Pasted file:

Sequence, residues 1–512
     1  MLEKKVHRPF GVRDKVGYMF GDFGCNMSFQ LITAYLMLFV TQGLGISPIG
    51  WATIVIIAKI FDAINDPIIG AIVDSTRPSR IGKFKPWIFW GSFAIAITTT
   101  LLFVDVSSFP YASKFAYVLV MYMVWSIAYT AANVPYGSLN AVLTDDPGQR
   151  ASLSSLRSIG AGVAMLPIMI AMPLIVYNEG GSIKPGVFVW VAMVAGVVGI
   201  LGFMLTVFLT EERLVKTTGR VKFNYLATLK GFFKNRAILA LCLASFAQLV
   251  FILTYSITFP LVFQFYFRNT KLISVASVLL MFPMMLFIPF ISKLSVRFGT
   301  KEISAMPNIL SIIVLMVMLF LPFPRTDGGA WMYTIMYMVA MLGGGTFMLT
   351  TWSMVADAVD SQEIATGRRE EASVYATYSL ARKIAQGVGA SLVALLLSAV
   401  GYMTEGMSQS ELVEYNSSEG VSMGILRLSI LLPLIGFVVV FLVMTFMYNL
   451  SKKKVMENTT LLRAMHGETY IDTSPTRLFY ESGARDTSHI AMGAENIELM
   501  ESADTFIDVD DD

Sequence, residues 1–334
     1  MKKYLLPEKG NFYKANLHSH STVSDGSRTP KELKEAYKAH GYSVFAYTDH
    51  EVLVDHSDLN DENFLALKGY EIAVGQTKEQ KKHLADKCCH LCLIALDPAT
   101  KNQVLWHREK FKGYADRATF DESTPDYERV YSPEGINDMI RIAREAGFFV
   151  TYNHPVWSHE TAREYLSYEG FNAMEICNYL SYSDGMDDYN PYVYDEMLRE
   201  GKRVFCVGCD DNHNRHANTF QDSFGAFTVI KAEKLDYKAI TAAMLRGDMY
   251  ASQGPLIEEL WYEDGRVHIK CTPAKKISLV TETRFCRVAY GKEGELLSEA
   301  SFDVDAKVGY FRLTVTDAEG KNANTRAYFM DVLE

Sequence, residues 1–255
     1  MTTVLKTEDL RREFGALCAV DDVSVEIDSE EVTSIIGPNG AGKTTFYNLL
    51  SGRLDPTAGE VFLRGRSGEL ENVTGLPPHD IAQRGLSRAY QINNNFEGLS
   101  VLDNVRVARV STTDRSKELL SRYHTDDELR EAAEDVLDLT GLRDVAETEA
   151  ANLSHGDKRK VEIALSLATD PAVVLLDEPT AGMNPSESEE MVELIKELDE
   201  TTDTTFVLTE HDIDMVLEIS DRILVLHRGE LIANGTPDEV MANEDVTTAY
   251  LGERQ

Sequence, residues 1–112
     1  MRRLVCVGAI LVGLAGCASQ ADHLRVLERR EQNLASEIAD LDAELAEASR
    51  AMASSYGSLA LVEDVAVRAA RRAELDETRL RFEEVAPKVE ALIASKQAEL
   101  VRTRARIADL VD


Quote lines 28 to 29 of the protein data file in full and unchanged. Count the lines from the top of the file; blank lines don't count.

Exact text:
Sequence, residues 1–112
     1  MRRLVCVGAI LVGLAGCASQ ADHLRVLERR EQNLASEIAD LDAELAEASR